After Nightingale, I brought in and produced another film starring Oyelowo, alongside Kate Mara, called Captive — which we shot on location in North Carolina and Mexico and sold to Paramount in a worldwide theatrical deal; the film has since gained a steady cult following that’s been exciting to watch. Some of the other projects that I’ve been produced at AG include Reversal (aka Bound to Vengeance), which was the opening night film for the Midnight Series at Sundance Film Festival, the Netflix comedy Spivak with Michael Cera, and the recently completed feature The Big Bend with Jason Butler Harner from Ozark. I currently have a diverse array of projects in development, including an ensemble comedy called X-MAS with Will Arnett, Kevin Nealon, Ronny Chieng, Brenda Song, and Genesis Rodriguez, and a biopic of Warhol superstar Candy Darling. What I love above all is helping a writer/director fulfill his or her unique vision and see it come to life onscreen. I seek out thought provoking and unique stories with real emotional resonance and strive to create art that challenges the audience’s expectations, but that thoroughly entertains them in the process.

Let’s say your best friend was visiting the area and you wanted to show them the best time ever. Where would you take them? Give us a little itinerary – say it was a week long trip, where would you eat, drink, visit, hang out, etc.
Here are some of the activities and places I’d take my best friend in Los Angeles:

-I’d definitely take them to some of my favorite restaurants, including: Ruam Mitr in Thai Town (I’m half Thai, so I have high standards for Thai food!), Du-Par’s for pancakes, Bay Cities Italian Deli & Bakery for delicious sandwiches, El Compadre on Sunset for Mexican food and margaritas, Smoke House Restaurant in Burbank for a classic old school experience, Osteria La Buca in Hollywood for fantastic Italian food. I’d also take them to the San Gabriel Valley for dim sum and to Teru Sushi in the valley for great sushi.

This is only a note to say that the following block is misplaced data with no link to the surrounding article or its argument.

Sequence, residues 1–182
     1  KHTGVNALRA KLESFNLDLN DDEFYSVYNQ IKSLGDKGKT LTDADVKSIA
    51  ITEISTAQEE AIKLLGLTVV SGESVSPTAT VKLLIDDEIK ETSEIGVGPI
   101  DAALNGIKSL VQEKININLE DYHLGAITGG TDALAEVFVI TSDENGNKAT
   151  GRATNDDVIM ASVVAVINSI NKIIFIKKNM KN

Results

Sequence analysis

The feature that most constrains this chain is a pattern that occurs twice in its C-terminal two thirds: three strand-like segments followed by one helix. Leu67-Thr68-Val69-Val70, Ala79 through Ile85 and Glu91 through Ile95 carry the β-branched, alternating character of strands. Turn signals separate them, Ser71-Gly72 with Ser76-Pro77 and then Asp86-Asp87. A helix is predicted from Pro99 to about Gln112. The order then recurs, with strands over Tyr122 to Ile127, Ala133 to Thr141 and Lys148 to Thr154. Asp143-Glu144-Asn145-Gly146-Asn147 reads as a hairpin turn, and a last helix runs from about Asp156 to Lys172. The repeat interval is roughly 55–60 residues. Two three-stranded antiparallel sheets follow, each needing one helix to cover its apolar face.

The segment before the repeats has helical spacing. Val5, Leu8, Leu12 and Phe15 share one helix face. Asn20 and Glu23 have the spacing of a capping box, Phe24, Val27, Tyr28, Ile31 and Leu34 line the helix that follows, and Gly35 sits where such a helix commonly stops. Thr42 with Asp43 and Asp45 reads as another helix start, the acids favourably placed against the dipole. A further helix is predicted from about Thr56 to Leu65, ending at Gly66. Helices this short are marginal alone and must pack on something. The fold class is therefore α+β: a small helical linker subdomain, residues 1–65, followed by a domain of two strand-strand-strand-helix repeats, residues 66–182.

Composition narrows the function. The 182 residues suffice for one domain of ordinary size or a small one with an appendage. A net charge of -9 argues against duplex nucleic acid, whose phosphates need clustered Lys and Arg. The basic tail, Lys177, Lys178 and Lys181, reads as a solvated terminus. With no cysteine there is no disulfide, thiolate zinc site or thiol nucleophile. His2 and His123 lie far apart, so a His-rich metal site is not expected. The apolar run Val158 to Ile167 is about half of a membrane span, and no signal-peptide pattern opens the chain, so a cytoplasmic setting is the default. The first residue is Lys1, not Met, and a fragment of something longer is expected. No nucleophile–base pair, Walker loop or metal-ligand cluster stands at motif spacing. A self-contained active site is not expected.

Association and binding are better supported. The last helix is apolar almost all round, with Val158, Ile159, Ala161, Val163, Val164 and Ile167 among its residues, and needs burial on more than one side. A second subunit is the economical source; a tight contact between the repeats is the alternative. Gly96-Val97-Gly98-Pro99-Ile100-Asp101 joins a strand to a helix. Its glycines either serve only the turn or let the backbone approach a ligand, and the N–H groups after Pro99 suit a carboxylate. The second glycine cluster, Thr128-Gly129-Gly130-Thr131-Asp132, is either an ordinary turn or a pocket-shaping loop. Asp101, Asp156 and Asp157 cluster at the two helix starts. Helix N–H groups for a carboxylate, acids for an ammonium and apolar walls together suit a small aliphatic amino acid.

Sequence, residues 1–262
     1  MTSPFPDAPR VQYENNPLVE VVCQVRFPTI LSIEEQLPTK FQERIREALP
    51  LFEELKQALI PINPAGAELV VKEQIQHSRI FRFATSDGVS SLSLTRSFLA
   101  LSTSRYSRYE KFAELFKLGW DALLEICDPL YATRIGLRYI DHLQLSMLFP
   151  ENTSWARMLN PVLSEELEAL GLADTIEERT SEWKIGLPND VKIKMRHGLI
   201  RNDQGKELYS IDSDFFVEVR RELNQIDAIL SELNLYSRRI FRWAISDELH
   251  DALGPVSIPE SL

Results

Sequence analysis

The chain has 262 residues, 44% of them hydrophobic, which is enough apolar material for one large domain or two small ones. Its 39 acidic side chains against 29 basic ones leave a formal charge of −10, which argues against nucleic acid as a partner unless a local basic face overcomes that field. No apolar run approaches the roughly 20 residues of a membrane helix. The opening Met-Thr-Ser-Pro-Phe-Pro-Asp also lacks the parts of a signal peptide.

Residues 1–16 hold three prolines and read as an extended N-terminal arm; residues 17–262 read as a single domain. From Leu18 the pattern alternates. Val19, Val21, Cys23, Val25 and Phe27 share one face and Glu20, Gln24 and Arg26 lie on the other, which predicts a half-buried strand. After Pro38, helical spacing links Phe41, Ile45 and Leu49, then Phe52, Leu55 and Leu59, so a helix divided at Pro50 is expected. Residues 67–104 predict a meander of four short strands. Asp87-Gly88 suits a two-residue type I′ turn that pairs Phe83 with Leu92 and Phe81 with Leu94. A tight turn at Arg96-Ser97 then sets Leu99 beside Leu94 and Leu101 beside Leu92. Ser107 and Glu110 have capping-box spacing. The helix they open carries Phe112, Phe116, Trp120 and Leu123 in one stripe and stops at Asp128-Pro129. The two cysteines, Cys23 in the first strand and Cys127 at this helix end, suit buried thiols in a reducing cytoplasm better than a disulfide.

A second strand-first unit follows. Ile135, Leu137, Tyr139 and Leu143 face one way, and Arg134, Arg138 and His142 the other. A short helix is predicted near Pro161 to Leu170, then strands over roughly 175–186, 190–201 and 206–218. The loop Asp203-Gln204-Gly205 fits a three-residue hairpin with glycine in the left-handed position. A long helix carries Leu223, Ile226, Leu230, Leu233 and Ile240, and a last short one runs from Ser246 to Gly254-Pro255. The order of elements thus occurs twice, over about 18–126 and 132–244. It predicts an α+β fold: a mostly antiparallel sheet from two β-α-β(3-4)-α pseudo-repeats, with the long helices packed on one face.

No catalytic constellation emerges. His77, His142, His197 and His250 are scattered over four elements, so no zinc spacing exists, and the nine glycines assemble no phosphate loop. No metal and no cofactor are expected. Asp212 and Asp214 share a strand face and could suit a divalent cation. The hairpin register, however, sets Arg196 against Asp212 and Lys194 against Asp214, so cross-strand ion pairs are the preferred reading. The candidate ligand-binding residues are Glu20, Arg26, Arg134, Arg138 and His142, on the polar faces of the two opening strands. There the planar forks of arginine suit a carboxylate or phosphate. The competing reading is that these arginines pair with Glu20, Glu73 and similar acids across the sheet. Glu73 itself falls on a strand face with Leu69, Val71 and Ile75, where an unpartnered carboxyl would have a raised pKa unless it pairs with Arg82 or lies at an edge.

-In terms of outdoor destinations, we’d definitely do some fun hiking at Runyon Canyon, Beachwood Canyon, and Temescal Canyon. I’d also take them to the beach and boardwalk in Santa Monica and stop in for a cocktail at the Viceroy. We’d walk around in Venice by the beach as well as around the Abbot Kinney shopping area, and we’d go paddle boarding near Fisherman’s Village in Marina del Rey.

-In terms of indoor attractions, I’d bring my friend to The Getty and LACMA during the day, and we’d hit up a comedy show at Largo one night. I’d also bring them downtown to the Los Angeles Music Center for a dance performance at Dorothy Chandler Pavilion; in the past few years they’ve been bringing in spectacular, world class companies and performers, which is thrilling to me as a balletomane and former dancer.

Shoutout is all about shouting out others who you feel deserve additional recognition and exposure. Who would you like to shoutout?
I’d like to dedicate my shoutout to my late mother, Sawat Wolfe, who broke glass ceilings and led her life in a bold and fearless way.

Linkedin: https://www.linkedin.com/in/katrina-wolfe-1800a817/

Twitter: https://twitter.com/kdubzz?lang=en

Facebook: https://www.facebook.com/wolfekatrina

Image Credits
-Main image – Evan Klanfer -Nightingale poster – Joseph Cultice/courtesy of HBO Films -Captive poster – Evan Klanfer/courtesy of Paramount Pictures -Spivak artwork – Anne Marie Fox/courtesy of Netflix -all other images were also taken by Evan Klanfer

Nominate Someone: ShoutoutLA is built on recommendations and shoutouts from the community; it’s how we uncover hidden gems, so if you or someone you know deserves recognition please let us know here.